In his first month in office, Attorney General William Barr has sent a reassuring message to the beleaguered Justice Department: he wants a return to basics after years of disruptive firings, tweet storms and scandals, the Los Angeles Times reports. In briefings, Barr has asked detailed questions about cases, suspects and legal arguments. He has wandered his fifth-floor hallway to converse about the law. He declined the traditional “clap in” where a newly confirmed attorney general walks through the building and subordinates applaud. Instead, he held a three-hour coffee reception in his conference room. Advisors said the approach reflects Barr’s low-key persona, and his top goals of steering the Justice Department out of the line of political fire, boosting public confidence in it, and improving the morale of its 110,000 employees.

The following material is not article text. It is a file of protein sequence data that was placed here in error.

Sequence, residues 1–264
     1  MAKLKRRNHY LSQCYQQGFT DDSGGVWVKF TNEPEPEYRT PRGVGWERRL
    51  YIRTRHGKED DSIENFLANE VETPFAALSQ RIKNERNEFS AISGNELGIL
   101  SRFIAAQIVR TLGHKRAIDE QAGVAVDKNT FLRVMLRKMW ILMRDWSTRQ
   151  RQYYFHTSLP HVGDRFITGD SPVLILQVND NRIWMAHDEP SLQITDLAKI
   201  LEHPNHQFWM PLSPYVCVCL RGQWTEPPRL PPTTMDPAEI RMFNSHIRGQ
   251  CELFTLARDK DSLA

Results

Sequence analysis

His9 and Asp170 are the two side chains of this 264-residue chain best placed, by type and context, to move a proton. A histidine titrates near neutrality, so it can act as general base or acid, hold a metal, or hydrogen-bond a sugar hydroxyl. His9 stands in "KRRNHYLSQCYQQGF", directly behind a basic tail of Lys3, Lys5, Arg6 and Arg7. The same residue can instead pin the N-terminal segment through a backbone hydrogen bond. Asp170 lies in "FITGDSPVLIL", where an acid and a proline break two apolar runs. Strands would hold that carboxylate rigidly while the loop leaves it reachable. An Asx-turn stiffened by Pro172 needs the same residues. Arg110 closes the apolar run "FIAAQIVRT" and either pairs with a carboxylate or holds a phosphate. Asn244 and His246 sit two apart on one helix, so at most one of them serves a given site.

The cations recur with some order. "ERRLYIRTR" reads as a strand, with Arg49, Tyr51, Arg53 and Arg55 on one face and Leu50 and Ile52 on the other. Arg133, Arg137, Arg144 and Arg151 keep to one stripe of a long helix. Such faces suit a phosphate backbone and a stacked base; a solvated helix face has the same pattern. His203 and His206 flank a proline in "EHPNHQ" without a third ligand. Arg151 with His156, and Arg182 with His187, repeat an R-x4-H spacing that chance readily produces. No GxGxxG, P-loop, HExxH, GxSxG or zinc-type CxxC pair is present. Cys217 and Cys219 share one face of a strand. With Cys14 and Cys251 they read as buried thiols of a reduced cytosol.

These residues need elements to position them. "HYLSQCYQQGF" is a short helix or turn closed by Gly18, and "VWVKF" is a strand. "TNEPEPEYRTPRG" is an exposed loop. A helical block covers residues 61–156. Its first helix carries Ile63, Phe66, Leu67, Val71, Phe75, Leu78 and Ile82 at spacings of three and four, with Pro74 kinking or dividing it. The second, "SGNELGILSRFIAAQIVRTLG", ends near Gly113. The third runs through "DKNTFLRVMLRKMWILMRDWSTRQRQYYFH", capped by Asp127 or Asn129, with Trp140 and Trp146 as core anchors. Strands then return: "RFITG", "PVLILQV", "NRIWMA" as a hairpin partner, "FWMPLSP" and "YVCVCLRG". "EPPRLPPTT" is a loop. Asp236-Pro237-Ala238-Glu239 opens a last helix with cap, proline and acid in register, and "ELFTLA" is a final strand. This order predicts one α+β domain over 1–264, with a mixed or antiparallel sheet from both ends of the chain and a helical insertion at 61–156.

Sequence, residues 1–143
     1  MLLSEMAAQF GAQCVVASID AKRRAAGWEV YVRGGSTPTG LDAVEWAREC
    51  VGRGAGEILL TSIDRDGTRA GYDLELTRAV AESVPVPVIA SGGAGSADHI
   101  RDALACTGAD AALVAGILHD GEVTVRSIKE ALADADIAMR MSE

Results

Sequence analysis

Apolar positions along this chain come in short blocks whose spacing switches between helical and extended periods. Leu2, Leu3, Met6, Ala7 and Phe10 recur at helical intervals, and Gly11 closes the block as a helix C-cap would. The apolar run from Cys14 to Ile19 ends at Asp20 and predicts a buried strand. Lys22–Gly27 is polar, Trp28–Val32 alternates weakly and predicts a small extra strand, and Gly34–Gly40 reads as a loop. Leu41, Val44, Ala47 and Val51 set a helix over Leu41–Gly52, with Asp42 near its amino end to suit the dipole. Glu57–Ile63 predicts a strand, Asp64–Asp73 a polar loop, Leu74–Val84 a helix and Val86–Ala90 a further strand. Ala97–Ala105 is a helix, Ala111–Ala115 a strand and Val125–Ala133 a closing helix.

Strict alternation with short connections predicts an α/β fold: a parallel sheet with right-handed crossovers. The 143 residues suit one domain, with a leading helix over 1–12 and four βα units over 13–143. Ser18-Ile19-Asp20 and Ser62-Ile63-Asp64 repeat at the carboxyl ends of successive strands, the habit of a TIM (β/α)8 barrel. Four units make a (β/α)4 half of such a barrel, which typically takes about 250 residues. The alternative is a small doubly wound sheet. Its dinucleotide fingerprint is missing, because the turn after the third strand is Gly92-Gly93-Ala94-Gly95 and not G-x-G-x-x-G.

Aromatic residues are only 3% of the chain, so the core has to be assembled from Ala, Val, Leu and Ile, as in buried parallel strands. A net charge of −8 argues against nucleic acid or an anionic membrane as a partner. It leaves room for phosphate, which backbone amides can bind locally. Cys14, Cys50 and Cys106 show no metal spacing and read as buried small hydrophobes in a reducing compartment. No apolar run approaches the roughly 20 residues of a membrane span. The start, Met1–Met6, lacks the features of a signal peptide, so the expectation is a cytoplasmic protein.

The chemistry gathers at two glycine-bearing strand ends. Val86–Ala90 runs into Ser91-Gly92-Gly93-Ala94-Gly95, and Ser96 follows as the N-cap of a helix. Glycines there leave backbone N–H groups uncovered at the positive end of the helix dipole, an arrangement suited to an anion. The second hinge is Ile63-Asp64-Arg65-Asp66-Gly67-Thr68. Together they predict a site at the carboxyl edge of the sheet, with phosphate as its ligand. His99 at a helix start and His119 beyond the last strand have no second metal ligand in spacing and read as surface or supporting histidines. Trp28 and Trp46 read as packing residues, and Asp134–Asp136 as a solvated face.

“Everything the attorney general is doing right now is about restoring the [department’s] reputation as a nonpartisan institution whose only allegiance is the law and to the rule of law, not politics,” said J. Michael Luttig, a former federal judge and close friend. Barr could soon face his toughest test. Special counsel Robert Mueller is expected to finish his final report in coming weeks, and Barr must decide how much to release to the public. The pressure on Barr intensified Thursday when the House voted 420-0 to demand he release to Congress and the public the full findings of Mueller’s investigation into Russia’s attempts to sway the 2016 election and whether President Trump’s campaign or associates aided the Russians. The resolution is nonbinding, but Republicans overwhelmingly joined Democrats to make their views known. Barr will have to weigh those demands against the privacy rights of those not charged with crimes and federal rules governing the release of classified and other sensitive information.